Review: 2010 Mustang GT Convertible

Don Gammill Jr.
by Don Gammill Jr.
review 2010 mustang gt convertible

Unless all the reviews you’ve read about the 2010 Ford Mustang appear in publications like Mustang Monthly, you probably know that the car is (a) an evolutionary improvement of the hold-over SN197 chassis and (b) still far from perfect. After a conflicting afternoon with a beautiful Red Candy Metallic 2010 Mustang GT Convertible [not pictured], I feel compelled to say something about how the Ford Mustang is currently situated in both the market and in our minds.

No doubt about it, Lee Iacocca had a great idea: building an all-new model on the inexpensive little 1960 Ford Falcon chassis, giving it Italian sports car styling cues and a galloping horse on the grille (in place of a prancing one), marketing it to the yet-to-be-catered-to Baby Boom generation – all completely brilliant. But as the market (and buyer demographics) changed, so did the Mustang’s place in it.

The first time I drove the completely redesigned 2005 model, I immediately knew that this pony was now (pun in 3…2…1…) “fording” much deeper water than ever before. Critics’ (and potential customers’) comparative statements no longer carried the distant echo of, “Wow, this car sure is a lot cooler than the Falcon.” Instead, they sounded like, “This car feels way cheaper and less refined than an Audi.”

And there’s the rub. Instead of riding fences, the Mustang now seems content to (conveniently) straddle them. Were the original formula still in place, today’s Mustang would be an el cheapo sport compact built atop a Focus platform, and everyone’s expectations would be much, much lower. As it is, the car seems to be aiming for a target that it can’t – at its current price point – profitably reach. But that depends on who you ask.

Ask my wife Becky (proud owner of a Candy Apple Red ’68 Mustang convertible…and my co-driver for the afternoon), and she’ll simply say that the new ‘Stang we drove was beautiful. And it was. The slightly dark red metallic paint contrasted beautifully with the saddle interior and 19-inch gray, five-spoke rims. Even though I don’t like the 2010 styling refresh, I still loved it (in the same way you love the looks of a perfectly preserved or restored example of a car you thought was ugly 20 years ago).

Good looks only carry a vehicle so far; once inside, you’ll immediately notice that functionality remains style’s jailhouse punk. Compared to the ’05-’09 Mustang, you’ll find even harder to decipher (but more retro than ever!) instrument faces, more restrictive (but now flip-up-door-covered!) cup holders, and an inexplicably taller (but soft to the touch!) automatic transmission shifter that obstructs climate controls more than before. Those opting for the manual transmission won’t be bothered by this last nuisance, and happily, the revised console storage bin now includes an integral lid that you won’t bump your elbow against while shifting. Unfortunately, the space inside is more awkwardly shaped (and seems smaller) than the departing binnacle – a big deal when you have to live every day with a car not known for its interior storage capacity.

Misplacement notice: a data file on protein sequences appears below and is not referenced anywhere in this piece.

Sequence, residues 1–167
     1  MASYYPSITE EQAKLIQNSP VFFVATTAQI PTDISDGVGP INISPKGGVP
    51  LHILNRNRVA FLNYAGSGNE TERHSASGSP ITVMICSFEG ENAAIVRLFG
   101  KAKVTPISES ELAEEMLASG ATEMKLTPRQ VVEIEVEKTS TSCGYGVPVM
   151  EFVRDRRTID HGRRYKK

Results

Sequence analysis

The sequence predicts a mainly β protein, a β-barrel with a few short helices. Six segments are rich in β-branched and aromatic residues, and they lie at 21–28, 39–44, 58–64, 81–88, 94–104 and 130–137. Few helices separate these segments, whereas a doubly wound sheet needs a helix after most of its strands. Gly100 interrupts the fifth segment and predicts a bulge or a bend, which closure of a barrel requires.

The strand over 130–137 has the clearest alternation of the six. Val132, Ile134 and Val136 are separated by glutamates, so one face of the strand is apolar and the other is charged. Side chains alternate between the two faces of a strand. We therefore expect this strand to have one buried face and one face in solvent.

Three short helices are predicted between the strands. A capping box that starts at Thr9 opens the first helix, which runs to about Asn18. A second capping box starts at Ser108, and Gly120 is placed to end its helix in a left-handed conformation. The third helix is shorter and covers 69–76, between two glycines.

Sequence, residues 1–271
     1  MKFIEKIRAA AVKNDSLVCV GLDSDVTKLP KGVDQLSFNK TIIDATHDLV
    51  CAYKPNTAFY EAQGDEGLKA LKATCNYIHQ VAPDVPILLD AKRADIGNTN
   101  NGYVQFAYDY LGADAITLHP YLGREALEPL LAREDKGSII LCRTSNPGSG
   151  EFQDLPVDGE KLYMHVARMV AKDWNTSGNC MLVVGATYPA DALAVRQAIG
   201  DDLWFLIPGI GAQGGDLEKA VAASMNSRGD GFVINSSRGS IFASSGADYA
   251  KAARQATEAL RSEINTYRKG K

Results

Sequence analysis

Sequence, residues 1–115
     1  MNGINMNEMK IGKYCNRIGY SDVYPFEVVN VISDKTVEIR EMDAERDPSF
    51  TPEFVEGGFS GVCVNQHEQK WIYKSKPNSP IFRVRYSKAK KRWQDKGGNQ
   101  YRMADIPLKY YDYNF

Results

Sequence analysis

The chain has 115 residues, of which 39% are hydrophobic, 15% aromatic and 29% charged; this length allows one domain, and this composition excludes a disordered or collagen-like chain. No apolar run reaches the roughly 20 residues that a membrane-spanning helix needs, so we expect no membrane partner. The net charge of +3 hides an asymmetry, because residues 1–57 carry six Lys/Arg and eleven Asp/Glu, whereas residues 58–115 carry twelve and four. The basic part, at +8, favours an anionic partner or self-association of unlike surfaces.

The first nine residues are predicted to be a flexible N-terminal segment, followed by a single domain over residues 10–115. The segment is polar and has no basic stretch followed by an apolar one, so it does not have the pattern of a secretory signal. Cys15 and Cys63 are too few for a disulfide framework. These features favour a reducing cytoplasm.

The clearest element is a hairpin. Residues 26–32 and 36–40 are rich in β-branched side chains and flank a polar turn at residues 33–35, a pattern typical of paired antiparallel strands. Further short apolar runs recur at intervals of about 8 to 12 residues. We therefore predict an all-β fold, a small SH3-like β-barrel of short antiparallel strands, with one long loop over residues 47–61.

One thing Mustangs are known for, though, is performance. And with more power than its predecessor, this horse seemed poised to run faster than any run-of-the-glue-factory GT ever has. Except that it didn’t. Maybe the car I drove was down on power, but after turning “off” the traction control and brake-torquing it as much as I could (to 2,300 RPM, which was as much as the brakes on my tester could hold – crazy, I know), I floored it, reeling off several tire-chirping (but not tire-spinning) sprints to sixty that – though untimed – registered as far, far slower on the seat-of-the-pants scale than the 2009 California Special I drove last year. The sonorous (thanks, engine-noise tube) 4.6-liter V8 sounded fine, and the 5R55S automatic transmission snicked off reasonably quick shifts. But even considering the tallish standard 3.31:1 final drive ratio (3.55’s and 3.73’s are optional), the acceleration was flatly disappointing.

Of course there’s more to performance than straight-line rocket-sleddery (even if the Mustang’s reputation doesn’t include much of it), and I thankfully got the chance to do the solid-axle shuffle on some decently twisty local blacktop. Overall, the chassis seemed well-balanced for its purpose. Hardcore horsepower hooligans may find it lacking after modding up more muscle from their Mustang’s modular mills (if not avidly avoiding alliteration), but as a complete package, the car’s handling capability nicely complements its stock 315 horsepower and is relatively benign as the beefy tires bite hard in corners, cooperating nicely with the much-improved steering feedback to inspire a lot more curved-road confidence than the outgoing model. Added bonus: It has a softer, quieter ride now, too. Just make sure you hit pot holes with both rear wheels.